Before I left, I gave her the advice I had been given after both of my parents passed away… I told her to do good things for herself, to get massages and sit in a hot tub. I told her not to make any decisions for a year after the death. “You’re not in your right mind for a solid year.” And she agreed. Then I said, “Come here momma.” And I gave her a good solid hug. I didn’t even mind the cigarette smoke.

Binocular Mircroscope
for Knife Sharpening

So, yard sales were good this past couple of weeks. Last weekend I was visiting in Santa Cruz for the funeral of a dear nephew… and took the opportunity to cruise around town going to sales and the flea market, but really just wallowing in nostalgia. I got 2 African masks for my tattooist, and a totally sweet binocular microscope for my knife sharpening. I paid more than I normally would have, but it was in perfect condition and I couldn’t resist. Asking price was $150; I paid $60, found them online for around $500. I had to take it on the plane as carry-on.

Yesterday was an excellent Yard Sailing day as well. Wind chimes for $1, a $2 folding projector table for my mobile knife sharpening. It has adjustable legs, is rock solid and comes apart for transport. I found a brass Chinese symbol for happiness, not the regular one you see around, but one in ancient Chinese script, destined for the garden.

The best deal of the day was an amazing 300-year-old mortar and pestle from a coffee plantation in Michoacan. The mortar weighed around 60 pounds and the pestle was about 4 feet long. It was carved out of solid mesquite and I doubt there are any mesquite trees that large left on the planet. I was extremely curious about where this treasure had come from and luckily the neighbor lady from down the street happened to be there and told me the story about how her and her husband had been traveling in Mexico 19 years ago and had admired one like it in front of a wealthy friend.

300 year old Mesquite Mortar & Pestle

He had sent her 50 of them, most of which she had sold over the years, usually to hotels and restaurants. This one she had sold to her neighbor years ago and they had finally decided they didn’t have enough room for it, so were letting it go. Asking price was $20, but I’m no fool and I said yes before one of my competition could snag it out from under me. I could feel the vultures circling as I made my deal. When we left, the neighbor and the last owner said they were glad I got it. Me too.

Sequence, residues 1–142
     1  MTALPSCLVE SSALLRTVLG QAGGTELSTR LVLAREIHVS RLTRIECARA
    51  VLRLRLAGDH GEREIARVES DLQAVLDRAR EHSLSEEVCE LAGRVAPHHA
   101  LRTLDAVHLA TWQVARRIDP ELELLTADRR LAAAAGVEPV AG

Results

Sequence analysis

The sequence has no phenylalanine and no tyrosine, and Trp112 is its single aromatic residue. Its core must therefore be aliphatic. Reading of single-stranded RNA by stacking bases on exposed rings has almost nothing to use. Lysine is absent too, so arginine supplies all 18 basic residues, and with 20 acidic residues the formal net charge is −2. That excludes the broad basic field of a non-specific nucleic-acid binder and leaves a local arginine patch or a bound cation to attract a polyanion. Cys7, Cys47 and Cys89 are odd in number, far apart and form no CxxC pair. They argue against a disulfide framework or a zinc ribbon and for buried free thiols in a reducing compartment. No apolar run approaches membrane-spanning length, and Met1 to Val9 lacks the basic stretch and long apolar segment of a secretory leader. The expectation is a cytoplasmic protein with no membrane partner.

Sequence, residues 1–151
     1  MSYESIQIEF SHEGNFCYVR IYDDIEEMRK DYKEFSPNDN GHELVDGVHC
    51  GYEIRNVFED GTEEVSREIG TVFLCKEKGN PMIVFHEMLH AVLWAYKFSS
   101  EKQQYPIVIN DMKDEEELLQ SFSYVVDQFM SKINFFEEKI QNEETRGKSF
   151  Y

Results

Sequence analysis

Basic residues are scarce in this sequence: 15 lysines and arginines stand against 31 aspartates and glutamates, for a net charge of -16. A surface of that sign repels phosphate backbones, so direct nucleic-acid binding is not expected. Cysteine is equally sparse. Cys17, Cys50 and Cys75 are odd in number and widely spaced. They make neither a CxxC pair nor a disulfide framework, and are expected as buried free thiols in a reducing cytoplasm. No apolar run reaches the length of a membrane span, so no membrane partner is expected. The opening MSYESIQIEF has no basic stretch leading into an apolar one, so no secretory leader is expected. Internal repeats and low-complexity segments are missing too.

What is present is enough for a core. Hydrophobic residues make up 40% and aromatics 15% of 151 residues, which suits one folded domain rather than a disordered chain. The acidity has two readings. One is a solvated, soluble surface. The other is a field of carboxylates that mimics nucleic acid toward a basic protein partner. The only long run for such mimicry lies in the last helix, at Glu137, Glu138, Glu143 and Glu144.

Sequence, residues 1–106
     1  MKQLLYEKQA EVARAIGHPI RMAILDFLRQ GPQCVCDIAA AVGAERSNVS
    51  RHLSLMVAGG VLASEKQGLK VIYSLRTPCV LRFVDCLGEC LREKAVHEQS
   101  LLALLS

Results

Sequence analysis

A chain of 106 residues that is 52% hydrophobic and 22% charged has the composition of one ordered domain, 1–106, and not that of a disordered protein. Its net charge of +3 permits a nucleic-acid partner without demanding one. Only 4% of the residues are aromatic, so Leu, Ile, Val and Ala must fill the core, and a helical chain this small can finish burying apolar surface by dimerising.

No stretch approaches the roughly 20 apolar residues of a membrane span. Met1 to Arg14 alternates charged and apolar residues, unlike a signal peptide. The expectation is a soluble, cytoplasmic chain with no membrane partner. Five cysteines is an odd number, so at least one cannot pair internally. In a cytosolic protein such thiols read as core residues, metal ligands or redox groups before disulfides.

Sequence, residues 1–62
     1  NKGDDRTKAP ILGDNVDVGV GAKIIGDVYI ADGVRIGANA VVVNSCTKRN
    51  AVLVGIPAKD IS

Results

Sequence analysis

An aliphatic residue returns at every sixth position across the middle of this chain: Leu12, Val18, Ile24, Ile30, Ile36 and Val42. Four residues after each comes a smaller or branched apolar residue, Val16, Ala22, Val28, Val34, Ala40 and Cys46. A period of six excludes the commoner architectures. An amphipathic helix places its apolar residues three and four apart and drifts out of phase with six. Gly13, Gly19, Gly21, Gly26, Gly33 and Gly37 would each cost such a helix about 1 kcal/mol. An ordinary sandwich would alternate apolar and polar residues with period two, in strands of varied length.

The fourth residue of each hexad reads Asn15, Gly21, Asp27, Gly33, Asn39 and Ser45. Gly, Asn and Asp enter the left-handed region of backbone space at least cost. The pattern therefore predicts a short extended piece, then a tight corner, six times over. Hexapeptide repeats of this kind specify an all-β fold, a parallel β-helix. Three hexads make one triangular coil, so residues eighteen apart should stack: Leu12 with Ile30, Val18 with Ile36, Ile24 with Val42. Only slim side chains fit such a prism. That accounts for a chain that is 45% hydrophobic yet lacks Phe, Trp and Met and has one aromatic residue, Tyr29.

I also got a stainless steel meat flavor injector from the husband of the mortar owner for $2. He wouldn’t bargain, but I liked his wife and the neighbor lady so much I forgave him, besides, it still had the original $29.95 sticker on it and was unopened.

At the next yard sale, I got to talking knives with the owner and we cut a deal. I’m sharpening 18 knives for him and I got a post hole digger, a 1500 watt inverter for my mobile sharpening service, and a trickle charger for my ambulance (the Blade Runner) for those weeks when I don’t start her up regularly. I’ll make those knives spooky sharp and drop them off for him next week during my Saturday Yard Sale run.

We got a leopard print kitten tent for the new kittens, and an English boar stipple brush for $3 for art projects. I also found a beautiful classic Vita mix 3600… Asking price was $8 (I know, I know), I offered $5 and they accepted. These run around $260 on eBay and are totally the bomb for making Indian yogurt Lassis or smoothies.

Vita Mix 3600

I found a Whipped cream maker with 10 Nitrous Oxide chargers for $5, but didn’t realize until afterwards that it didn’t have the charger holder. The machine sells for around $100, but I can get the charger holder for $15 on eBay. I don’t know if we just missed it on the table or whether the woman selling it knew it was missing a part, but buyer beware, as they say. I’ll be more careful in the future.

Other finds included a sheepskin for $5. An electric kettle for $1 and a big pile of bottle caps from a free box for an upcoming art project. It was a good Yard Sailing day. The weather was perfect, the people nice and the bargains solid. I’m in love with the mortar and pestle and think they may live out on the front porch by the door. They exude a feeling of time and history like a window into another time.

Oh, and I almost forgot! As we headed for home, I noticed a man putting up a late sign for the last yard sale of the day. We were tired and ready to quit, but being one of the first ones to a sale is always worth checking out. The sale had a lot of guy stuff, a couple of silver fox skins, some archery equipment… tools, and then, just as I was getting back in the car I noticed a very large white glass bowl. Without thinking, I reached out and struck it with my knuckles. It gave out the most wonderful deep tone, like a gong in the Himalayas.

Quartz Singing Bowl

Turns out, it is a 20 inch quartz singing bowl, used for meditation… Asking price $35… I paid $20, market somewhere around $350. Every time we walk by it, we reach out and give it a whack.